Macro and microscopic CH4–CO2 replacement in CH4 hydrate under pressurized CO2

Authors

  • Masaki Ota,

    Corresponding author
    1. Research Center of Supercritical Fluid Technology, Dept. of Chemical Engineering, Tohoku University, Aoba-ku, Sendai 980-8579, Japan
    • Research Center of Supercritical Fluid Technology, Dept. of Chemical Engineering, Tohoku University, Aoba-ku, Sendai 980-8579, Japan
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  • Takeomi Saito,

    1. Research Center of Supercritical Fluid Technology, Dept. of Chemical Engineering, Tohoku University, Aoba-ku, Sendai 980-8579, Japan
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  • Tsutomu Aida,

    1. Research Center of Supercritical Fluid Technology, Dept. of Chemical Engineering, Tohoku University, Aoba-ku, Sendai 980-8579, Japan
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  • Masaru Watanabe,

    1. Research Center of Supercritical Fluid Technology, Dept. of Chemical Engineering, Tohoku University, Aoba-ku, Sendai 980-8579, Japan
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  • Yoshiyuki Sato,

    1. Research Center of Supercritical Fluid Technology, Dept. of Chemical Engineering, Tohoku University, Aoba-ku, Sendai 980-8579, Japan
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  • Richard L. Smith Jr.,

    1. Research Center of Supercritical Fluid Technology, Dept. of Chemical Engineering, Tohoku University, Aoba-ku, Sendai 980-8579, Japan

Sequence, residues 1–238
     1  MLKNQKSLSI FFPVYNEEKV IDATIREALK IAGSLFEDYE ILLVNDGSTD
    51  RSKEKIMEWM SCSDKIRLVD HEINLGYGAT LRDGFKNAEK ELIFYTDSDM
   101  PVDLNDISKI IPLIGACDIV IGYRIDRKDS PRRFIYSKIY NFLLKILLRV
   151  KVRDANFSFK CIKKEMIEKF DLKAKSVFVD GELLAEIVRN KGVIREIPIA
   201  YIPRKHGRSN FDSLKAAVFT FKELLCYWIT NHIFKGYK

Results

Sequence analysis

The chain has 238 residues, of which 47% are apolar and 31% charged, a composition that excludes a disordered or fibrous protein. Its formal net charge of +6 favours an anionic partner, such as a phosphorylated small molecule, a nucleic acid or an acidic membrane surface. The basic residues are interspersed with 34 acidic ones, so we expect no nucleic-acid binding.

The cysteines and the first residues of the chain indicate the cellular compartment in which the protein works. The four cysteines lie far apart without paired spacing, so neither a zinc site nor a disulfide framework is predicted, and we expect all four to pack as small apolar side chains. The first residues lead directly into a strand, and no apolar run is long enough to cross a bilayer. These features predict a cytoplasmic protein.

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  • Hiroshi Inomata

    1. Research Center of Supercritical Fluid Technology, Dept. of Chemical Engineering, Tohoku University, Aoba-ku, Sendai 980-8579, Japan
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Abstract

CH4–CO2 replacement in CH4 hydrate with high pressure CO2 was studied with in-situ laser Raman spectroscopy at 273.2 K and at initial pressures of 3.2, 5.4, and 6.0 MPa. Replacement rates increased with increasing pressures up to 3.6 MPa and did not change at higher pressures (∼6.0 MPa). These results showed that the replacement rates were dependent on pressure and phase conditions with the driving force being strongly related to fugacity differences of the two guest components between fluid and hydrate phases. When CH4 hydrate was contacted with CO2 under flow conditions, in-situ Raman measurements of the hydrate phase showed differences of cage decomposition rates between the Medium-cage (M-cage) and the Small-cage (S-cage) in the CH4 hydrate with decomposition of the M-cage being faster than that of the S-cage. The van der Waals–Platteeuw model was applied to the measurements of the transient data and it is shown that the theory allows estimation of occupancies of each component during replacement. © 2007 American Institute of Chemical Engineers AIChE J, 2007

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